It is difficult enough to deal with one’s body dysfunctiol or failing, even if the mind is forceful and whole. The deaf-blind Helen Keller’s titanic struggle to become a great writer and activist is a testament to the human will, the phenomel powers of the mind. But what if the mind is divided unto itself, split into multiple persolities speaking in a cacophony of voices? When John Forbes sh Jr descended into his mental hell in 1958, he had the world at his feet. A mathematical prodigy, he had already earned a doctorate at the age of 21 from Princeton University. His 28 page doctoral thesis was a groundbreaking extension to game theory, the mathematical study of decision-making. Going farther than the simplistic ‘zero sum games’ in which one player’s gain is another’s loss, sh saw the problem in its real-life complexity — that the players’ interests are not always opposed to each other, that there are opportunities for mutual gain. In situations of conflict and co-operation, each and every player could maximize his benefits, which explained phenome in stock markets, corporate mergers, auctions and other market situations. But the idea of sh Equilibrium was so powerful, it went beyond economics to find applications in fields as diverse as computing and artificial intelligence, space sciences, evolutiory biology, geo-political relations, legislative decision-making and even studies of corruption. As a pure mathematician of the first rank who took on intractable problems with gusto, sh made significant contributions in differential geometry, non-linear differential equations and other fields before paranoid schizophrenia struck him down at age thirty.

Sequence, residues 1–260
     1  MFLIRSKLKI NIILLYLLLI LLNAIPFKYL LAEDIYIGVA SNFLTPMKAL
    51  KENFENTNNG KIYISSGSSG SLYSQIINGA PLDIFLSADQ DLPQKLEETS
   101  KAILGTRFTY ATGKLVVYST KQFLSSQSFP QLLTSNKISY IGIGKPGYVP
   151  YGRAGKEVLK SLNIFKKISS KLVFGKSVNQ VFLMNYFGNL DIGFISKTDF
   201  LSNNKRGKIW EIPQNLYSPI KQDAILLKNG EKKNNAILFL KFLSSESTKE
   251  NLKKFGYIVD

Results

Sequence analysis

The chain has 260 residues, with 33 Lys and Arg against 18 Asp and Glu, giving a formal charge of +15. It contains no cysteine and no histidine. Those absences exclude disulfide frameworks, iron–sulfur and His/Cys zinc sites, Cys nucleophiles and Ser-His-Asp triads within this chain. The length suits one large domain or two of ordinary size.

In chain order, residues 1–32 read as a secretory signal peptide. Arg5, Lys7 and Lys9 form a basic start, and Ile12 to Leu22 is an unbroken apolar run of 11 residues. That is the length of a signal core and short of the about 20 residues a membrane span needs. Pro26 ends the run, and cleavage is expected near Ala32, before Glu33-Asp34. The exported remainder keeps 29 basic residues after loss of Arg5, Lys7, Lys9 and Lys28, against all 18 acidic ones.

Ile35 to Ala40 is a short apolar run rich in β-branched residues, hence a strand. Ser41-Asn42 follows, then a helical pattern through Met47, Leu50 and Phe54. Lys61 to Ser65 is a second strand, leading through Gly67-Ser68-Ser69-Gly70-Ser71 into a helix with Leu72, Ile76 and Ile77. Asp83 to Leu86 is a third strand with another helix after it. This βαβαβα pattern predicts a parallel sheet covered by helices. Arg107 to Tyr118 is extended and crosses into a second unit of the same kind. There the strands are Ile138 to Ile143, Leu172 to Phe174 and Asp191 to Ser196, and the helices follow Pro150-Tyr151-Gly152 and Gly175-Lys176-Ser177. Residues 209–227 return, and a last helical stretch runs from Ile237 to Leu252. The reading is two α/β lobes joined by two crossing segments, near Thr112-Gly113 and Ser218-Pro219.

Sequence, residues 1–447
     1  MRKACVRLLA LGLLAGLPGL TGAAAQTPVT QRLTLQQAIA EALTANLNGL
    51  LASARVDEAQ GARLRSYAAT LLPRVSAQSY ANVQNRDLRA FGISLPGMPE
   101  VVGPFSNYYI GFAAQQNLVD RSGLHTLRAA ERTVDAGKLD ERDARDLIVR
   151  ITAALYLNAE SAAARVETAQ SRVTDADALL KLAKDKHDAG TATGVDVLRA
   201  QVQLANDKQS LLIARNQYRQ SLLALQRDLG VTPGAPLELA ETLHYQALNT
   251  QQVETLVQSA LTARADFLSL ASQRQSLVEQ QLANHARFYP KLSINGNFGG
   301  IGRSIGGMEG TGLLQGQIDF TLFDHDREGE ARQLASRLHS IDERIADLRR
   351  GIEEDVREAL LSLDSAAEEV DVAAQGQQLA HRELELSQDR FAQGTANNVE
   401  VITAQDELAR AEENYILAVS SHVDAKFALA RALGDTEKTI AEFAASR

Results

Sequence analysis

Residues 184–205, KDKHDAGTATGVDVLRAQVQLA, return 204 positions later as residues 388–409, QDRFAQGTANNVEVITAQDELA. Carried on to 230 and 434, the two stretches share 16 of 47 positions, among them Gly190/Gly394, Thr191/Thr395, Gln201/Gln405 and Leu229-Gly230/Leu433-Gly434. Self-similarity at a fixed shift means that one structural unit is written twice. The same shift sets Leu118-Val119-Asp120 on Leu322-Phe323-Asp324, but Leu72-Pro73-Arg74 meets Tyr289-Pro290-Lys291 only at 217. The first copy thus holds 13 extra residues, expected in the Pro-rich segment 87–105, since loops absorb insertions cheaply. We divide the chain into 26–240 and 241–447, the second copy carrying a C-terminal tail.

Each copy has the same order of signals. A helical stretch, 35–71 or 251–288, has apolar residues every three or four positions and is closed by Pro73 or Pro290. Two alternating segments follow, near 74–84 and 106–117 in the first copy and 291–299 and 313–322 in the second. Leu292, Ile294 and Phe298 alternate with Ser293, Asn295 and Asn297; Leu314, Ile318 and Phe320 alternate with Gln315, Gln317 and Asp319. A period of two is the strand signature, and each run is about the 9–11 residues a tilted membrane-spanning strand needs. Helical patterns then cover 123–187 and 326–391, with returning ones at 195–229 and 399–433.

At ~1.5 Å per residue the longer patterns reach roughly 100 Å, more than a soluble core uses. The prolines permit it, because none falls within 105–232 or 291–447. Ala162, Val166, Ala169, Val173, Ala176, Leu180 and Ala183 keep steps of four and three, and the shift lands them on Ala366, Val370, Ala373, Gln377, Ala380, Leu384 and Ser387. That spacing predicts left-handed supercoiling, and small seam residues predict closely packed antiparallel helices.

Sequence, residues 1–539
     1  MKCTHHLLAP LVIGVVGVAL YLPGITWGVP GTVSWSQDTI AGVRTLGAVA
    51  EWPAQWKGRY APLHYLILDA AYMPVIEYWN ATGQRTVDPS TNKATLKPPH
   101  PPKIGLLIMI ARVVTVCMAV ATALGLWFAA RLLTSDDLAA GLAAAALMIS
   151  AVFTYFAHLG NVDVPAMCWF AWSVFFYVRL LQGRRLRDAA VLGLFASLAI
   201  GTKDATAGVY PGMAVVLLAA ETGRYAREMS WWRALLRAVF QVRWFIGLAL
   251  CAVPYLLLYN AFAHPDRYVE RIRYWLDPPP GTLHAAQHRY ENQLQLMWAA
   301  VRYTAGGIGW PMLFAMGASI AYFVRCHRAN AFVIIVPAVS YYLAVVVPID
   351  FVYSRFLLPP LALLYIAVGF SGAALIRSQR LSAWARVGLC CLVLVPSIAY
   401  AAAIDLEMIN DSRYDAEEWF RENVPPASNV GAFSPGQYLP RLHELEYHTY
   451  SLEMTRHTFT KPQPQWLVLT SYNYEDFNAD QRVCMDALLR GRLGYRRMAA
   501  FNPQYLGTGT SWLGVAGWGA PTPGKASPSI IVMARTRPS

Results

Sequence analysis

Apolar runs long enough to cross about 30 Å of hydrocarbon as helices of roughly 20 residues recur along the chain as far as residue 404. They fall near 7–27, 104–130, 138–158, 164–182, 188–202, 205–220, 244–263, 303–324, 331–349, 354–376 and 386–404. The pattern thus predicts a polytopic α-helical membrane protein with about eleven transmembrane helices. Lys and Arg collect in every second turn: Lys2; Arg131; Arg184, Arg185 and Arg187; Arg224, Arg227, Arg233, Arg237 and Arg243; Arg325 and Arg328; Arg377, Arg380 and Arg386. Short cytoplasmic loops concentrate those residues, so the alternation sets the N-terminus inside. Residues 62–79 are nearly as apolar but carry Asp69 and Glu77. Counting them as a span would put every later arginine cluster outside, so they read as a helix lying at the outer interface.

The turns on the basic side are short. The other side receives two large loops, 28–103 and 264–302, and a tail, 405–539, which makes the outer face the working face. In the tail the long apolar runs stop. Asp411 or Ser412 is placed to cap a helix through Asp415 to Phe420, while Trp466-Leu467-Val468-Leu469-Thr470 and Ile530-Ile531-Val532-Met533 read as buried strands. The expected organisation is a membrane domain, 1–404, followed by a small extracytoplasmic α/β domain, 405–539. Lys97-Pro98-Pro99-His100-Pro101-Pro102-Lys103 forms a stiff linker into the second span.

With his mind disintegrating, sh underwent frequent hospitalisations and electro-shock therapy. Reduced to a shadow of his former self, he became practically dead to the academic world. But like a ghost he still haunted the libraries, classrooms and semir halls of his beloved Princeton, where his old colleagues and friends ensured he had continued free access. Nearly three decades were to pass before a miraculous redemption began to unfold. sh simply decided to return to ratiolity, doggedly using whatever mental powers that still remained, to recognize and block out delusions. “I emerged from irratiol thinking, ultimately, without medicine other than the tural hormol changes of aging,” he would write to a colleague later. His resurrection came with a spectacular blaze of glory — return to classroom teaching in the early Nineties followed by the 1994 Nobel prize in Economics with two others for game theory. His later papers showed he still had that fearlessness to select problems and apply his origil mind. But it was the story of his life that burst on to global consciousness through Sylvia sar’s moving biography ‘A Beautiful Mind’ and the film by same me adjudged the best in the 2002 Oscars. His advocacy of mental health issues raised him higher in public esteem. sh seemed to embody the ‘Invictus’ with head bloody but unbowed in William Henley’s stirring poem. In his youth, sh was sad at not being considered for the Fields Medal, the highest honour in mathematics. One week before his death in a tragic road mishap, he received the prestigious Abel prize from the Norwegian Academy for semil contributions to pure mathematics. In his 86 years, John Forbes sh paid heavily as his mind went into a long nightmarish slumber, then inspired millions around the world in the manner he woke up. He may yet be waking up in an ideal Platonic realm far beyond the reach of the human mind, revelling in its perfect mathematical constructs.